Hanson, J. W. (1976). Fetal Alcohol Syndrome. JAMA, 235(14), 1458. doi:10.1001/jama.1976.03260400024021
Research conducted demonstrates that the fetus suffering from the FAS develop facial and mental abnormalities. The pregnant alcoholic women expose the fetus to the risk of syndrome especially if they are not feeding on the nutritious meals. The chronic alcoholics are exposing the children to the dangers of fetal alcohol syndrome. The journal is important in this research since it offers the abnormalities which are associated with excessive consumption of alcohol for the pregnant women and the importance of proper nutrition to the unborn.
Jones, K., & Smith, D. (1973). RECOGNITION OF THE FETAL ALCOHOL SYNDROME IN EARLY INFANCY. The Lancet, 302(7836), 999-1001. doi:10.1016/s0140-6736(73)91092-1
The prenatal nature of early onset growth deficiency is associated with fetal alcohol. The joint malposition and brain defects are also caused by the consumption of alcohol during pregnancy. The journal is essential in this research by providing the recognition of FAS at early childhood and coming up with treatment and prevention measures.
A., Tabachnick, B. G., Gossage, J. P., Kalberg, W. O., Marais, A., Robinson, L. K., … Hoyme, H. E. (2011). Maternal risk factors are predicting child physical characteristics and dysmorphology in fetal alcohol syndrome and partial fetal alcohol syndrome. Drug and Alcohol Dependence, 119(1-2), 18-27. doi: 10.1016/j.drugalcdep.2011.05.009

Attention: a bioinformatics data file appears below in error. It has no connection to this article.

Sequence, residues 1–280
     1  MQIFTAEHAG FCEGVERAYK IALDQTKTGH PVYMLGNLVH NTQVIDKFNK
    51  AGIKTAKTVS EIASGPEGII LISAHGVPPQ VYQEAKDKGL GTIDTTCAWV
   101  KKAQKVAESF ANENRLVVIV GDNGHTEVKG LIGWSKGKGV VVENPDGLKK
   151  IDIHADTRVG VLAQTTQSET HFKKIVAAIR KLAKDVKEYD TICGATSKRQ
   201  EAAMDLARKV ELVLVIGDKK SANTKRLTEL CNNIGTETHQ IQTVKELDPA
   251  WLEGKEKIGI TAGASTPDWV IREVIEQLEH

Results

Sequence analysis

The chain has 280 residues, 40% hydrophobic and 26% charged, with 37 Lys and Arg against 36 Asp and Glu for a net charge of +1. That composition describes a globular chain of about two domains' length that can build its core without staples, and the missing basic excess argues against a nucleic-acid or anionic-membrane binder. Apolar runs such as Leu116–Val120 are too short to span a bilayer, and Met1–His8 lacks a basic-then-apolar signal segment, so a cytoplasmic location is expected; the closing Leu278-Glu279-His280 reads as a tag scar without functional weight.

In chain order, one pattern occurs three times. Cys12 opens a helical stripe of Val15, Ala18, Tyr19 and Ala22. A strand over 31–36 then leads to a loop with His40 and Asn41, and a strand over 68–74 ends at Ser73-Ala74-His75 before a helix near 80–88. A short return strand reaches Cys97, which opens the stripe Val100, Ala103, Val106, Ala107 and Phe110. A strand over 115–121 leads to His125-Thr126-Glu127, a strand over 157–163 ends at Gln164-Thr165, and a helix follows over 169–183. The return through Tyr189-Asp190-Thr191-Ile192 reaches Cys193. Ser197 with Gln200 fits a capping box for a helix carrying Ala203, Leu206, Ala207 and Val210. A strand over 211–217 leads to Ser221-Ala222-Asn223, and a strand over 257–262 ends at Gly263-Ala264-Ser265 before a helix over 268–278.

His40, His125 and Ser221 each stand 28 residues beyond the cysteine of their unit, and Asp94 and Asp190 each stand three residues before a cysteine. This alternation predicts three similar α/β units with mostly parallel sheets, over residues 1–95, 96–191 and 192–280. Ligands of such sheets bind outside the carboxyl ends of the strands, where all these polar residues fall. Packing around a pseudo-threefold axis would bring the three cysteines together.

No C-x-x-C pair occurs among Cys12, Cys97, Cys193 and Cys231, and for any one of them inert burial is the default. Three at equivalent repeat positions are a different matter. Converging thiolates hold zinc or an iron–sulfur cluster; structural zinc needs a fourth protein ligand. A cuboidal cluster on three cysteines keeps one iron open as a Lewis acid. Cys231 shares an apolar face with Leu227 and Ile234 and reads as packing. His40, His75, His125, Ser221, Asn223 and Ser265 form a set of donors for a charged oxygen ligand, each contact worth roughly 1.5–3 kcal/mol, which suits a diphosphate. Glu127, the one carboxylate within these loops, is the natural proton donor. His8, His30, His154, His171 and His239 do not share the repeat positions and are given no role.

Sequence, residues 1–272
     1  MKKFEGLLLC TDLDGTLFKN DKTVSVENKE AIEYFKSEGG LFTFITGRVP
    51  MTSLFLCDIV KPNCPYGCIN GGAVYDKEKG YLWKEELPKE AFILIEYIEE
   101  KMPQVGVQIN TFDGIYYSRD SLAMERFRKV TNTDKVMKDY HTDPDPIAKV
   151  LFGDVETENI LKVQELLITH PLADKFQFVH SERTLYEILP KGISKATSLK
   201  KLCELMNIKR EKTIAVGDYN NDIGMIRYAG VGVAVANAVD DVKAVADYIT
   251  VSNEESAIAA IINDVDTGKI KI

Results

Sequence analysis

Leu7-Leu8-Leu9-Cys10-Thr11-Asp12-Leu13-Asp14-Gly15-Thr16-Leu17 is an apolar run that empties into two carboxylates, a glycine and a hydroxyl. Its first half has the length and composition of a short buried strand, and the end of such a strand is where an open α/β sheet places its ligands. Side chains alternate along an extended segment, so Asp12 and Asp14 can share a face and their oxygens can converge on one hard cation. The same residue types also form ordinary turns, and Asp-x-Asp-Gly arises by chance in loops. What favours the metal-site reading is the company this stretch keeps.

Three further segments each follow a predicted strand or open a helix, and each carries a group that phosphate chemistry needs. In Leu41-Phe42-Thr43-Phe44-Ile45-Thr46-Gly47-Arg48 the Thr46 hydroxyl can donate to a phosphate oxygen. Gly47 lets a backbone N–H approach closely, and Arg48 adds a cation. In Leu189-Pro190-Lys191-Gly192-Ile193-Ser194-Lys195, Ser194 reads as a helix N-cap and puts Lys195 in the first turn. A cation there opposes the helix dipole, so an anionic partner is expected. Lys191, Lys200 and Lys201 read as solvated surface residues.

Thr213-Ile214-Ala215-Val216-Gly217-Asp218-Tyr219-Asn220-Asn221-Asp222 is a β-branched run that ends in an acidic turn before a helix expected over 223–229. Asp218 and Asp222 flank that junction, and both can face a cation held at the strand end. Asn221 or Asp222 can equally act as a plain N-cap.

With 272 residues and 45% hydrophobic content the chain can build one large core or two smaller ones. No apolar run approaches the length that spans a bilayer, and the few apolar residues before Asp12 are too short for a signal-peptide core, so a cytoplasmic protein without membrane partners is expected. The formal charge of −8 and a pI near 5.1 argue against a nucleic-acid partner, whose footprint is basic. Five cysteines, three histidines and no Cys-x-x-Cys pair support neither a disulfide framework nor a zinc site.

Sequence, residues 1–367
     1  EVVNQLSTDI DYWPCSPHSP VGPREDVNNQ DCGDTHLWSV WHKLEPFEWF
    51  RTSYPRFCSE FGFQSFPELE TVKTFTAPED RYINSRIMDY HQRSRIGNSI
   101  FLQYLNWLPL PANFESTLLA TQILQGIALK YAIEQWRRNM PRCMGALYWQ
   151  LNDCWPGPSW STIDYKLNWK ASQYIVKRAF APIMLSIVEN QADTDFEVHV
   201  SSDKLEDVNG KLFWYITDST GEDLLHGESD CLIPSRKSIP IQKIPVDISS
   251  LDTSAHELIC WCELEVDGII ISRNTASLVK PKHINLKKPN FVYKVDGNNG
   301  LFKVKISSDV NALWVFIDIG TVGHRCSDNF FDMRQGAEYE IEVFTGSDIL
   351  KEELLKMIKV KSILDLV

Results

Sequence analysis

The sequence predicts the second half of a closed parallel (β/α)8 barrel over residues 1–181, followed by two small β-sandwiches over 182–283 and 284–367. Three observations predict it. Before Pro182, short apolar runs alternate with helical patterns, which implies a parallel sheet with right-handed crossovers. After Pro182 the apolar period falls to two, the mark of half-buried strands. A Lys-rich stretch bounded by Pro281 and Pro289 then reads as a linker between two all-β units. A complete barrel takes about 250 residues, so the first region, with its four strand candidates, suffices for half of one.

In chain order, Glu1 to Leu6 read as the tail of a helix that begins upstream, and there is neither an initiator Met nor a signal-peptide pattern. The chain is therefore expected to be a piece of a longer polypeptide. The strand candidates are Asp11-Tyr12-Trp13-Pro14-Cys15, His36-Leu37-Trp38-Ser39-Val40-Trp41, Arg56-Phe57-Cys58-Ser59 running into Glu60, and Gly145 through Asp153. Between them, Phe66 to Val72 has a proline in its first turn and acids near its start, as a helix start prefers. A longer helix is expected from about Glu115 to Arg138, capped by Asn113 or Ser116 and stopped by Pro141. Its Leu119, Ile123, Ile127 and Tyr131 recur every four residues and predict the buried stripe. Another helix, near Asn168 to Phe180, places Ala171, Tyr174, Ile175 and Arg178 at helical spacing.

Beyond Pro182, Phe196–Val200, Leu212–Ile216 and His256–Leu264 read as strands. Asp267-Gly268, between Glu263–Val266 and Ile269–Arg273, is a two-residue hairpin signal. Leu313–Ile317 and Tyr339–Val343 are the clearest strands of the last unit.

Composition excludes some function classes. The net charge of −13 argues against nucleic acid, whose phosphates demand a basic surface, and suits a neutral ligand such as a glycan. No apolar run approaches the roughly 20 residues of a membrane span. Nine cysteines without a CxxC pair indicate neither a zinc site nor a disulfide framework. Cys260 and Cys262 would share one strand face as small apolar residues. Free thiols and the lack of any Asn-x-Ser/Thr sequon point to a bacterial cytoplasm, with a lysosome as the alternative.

The consumption of alcohol places the fetus at the risk of suffering from FAS. North America has an increasing prevalence rate of fetal alcohol syndrome. The journal is vital to be applied in our research because it provides reliable statistics of FAS prevalence in North America. The journal also provides factors contributing to the increased rate of FAS in America.
MULVIHILL, J. J., & YEAGER, A. M. (1977). FETAL ALCOHOL SYNDROME. OBSTETRICAL & GYNECOLOGICAL SURVEY, 32(3), 151-152.
The standard features of the FAS are postnatal and prenatal growth retardation, mental deficiency among other impediments. However, mental deficiency is the most severe defect associated with the syndrome. The survey demonstrates the need to ensure the children and women feed on nutritious meals to counter the effects of fetal alcohol syndrome. The journal is sufficient to be used in the research in developing the relationship between the elevating influences of FAS and proper nutrition.